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Sign up for the Fall Writing Reboot

For many years, September has been a productive writing time for me. It may be that way for you too. Vacations end, school is back in session, and the desire to start something new or breathe life into old creative projects is strong.

Of course, everything is different this year. If your plans to write fell by the wayside over the last few months, you’re not alone. With altered workspaces and up-in-the-air schedules, finding time to write can feel impossible.

Yet, there is something about fall that inspires a reset, a call to action. In Paris, where I lived for the past two years, the return to school and work in the fall is known as the rentree. Parisians celebrate the official end of summer vacation with huge office parties and a flurry of focused activity. Although the parties will be subdued this year, many of us are attempting to return to familiar routines. …

The Surprising Power of Uncertainty, Solitude, and the Ticking Clock

Over the course of a 20-year writing career, I’ve learned a few things about the daily habits that result in published books and continued creativity. The habits that form a strong foundation for a writing life have little to do with networking and speed-writing, much to do with solitude and consistency.

If you make room in your days for these five habits, you will vastly increase your chances of publishing your first book and maintaining a writing career for the long haul. (You can read the longer version of this post on Medium.)

No matter how much you’ve written, how much you’ve studied writing, how much you’ve read, you can always learn more. For me, learning means reading a novel, listening to an interview with a writer I admire, reading an essay about another artistic field, or analyzing a book, movie, or photograph to see what I can learn from it. …

Embracing Uncertainty, Solitude, and the Ticking Clock

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Photo by Fabrizio Verrecchia on Unsplash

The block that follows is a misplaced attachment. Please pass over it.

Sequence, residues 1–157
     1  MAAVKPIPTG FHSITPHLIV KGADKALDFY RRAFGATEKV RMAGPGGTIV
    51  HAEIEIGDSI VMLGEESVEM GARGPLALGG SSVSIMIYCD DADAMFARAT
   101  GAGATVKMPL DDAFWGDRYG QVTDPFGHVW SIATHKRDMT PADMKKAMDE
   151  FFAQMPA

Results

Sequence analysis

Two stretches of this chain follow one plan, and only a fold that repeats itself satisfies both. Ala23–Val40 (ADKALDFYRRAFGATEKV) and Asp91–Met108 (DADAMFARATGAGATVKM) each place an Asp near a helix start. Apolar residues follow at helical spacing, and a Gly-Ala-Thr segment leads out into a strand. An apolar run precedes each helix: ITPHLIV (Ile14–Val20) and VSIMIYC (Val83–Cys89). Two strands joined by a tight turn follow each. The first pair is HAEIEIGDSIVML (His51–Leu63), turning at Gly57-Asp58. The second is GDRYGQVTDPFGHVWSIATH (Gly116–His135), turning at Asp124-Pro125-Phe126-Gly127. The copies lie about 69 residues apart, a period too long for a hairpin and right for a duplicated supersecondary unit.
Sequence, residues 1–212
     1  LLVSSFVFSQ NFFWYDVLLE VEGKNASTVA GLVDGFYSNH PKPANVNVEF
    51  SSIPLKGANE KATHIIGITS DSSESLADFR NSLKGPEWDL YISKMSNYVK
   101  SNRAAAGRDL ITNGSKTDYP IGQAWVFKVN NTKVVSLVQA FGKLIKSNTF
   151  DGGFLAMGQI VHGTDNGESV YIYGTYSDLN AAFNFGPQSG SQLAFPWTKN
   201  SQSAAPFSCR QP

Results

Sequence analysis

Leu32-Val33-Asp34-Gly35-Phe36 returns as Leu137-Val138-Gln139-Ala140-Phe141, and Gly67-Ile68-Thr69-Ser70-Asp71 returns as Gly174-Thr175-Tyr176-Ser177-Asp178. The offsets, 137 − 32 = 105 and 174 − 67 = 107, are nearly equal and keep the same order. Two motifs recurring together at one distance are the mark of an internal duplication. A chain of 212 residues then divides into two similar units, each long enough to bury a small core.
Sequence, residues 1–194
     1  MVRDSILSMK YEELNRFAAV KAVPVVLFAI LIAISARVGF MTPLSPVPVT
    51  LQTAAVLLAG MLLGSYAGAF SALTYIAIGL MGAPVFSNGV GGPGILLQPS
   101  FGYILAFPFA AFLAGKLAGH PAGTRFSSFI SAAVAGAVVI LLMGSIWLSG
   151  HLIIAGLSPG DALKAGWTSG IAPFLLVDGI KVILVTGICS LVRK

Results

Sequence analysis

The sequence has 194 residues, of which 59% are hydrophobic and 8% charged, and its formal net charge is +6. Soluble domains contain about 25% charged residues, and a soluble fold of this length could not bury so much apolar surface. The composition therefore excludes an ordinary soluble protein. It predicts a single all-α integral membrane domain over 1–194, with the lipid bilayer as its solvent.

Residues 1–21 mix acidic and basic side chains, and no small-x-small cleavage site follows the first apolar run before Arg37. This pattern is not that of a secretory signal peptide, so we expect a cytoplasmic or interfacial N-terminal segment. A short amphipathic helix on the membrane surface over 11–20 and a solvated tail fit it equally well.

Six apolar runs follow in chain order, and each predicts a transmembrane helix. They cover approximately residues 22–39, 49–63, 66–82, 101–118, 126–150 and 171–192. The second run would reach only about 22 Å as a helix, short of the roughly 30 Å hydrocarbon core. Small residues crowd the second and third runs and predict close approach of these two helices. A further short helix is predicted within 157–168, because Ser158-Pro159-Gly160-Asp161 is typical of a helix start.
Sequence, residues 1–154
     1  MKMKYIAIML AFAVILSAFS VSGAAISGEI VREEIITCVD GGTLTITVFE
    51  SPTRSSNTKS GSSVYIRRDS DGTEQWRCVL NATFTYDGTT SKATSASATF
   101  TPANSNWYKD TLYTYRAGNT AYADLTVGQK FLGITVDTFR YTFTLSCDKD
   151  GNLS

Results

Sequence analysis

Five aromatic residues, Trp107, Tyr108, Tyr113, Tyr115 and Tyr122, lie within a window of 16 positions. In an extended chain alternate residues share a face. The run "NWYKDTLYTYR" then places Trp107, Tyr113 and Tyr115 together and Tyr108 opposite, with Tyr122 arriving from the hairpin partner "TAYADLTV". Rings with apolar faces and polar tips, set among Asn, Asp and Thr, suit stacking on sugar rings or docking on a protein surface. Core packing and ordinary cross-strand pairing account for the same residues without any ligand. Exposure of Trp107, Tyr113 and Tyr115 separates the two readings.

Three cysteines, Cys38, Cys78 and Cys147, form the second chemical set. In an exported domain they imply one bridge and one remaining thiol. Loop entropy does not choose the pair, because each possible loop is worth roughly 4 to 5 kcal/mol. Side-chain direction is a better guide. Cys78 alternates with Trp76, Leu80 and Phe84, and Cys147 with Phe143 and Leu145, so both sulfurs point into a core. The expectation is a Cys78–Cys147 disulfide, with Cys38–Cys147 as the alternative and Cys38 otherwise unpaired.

I’ve been writing seriously for more than half of my life, and writing for the love of it ever since I could pick up a crayon and write two-word stories about my dog, a champagne cocker spaniel named Muffin who caused a great stir by biting a neighbor child beside our above-ground pool in Theodore, Alabama. Of course, my story contained none of those details. “Muffin bites” was the extent of it, although I did not quite get the spelling right. Muffun bits, I wrote. It was not an elegant beginning, but it was a beginning nonetheless.

I was not one of those wunderkinds who was reading at three years old and styling perfect cursive letters at five. The first novel that blew me away crossed my path in middle school, suggested by the school librarian at Julius T. Wright School for Girls in Mobile, Alabama — Mrs. Mike by Nancy and Benedict Freedman. It involved a city girl who went to the frontier to be a wife, meeting much hardship and misfortune. At the end, I sobbed, in the cathartic way 11-year-old girls sometimes need to sob, perhaps recognizing in Mrs. Mike the loneliness I felt on that beautiful campus where I did not belong, where girls with family and fatherly names as first names (Greer, Gus) exchanged their uniforms on weekends for Izod belts and Guess jeans and blouses from the Esprit catalogue, while I pretended my clothes were not homemade. Julius T. Wright was not the frontier, but it felt foreign and dangerous, and that was my first introduction to the idea of universality in literature. …


Michelle Richmond

NYT bestselling author of the THE MARRIAGE PACT and THE YEAR OF FOG. Caffeinated in Cali. Books at Write with me at

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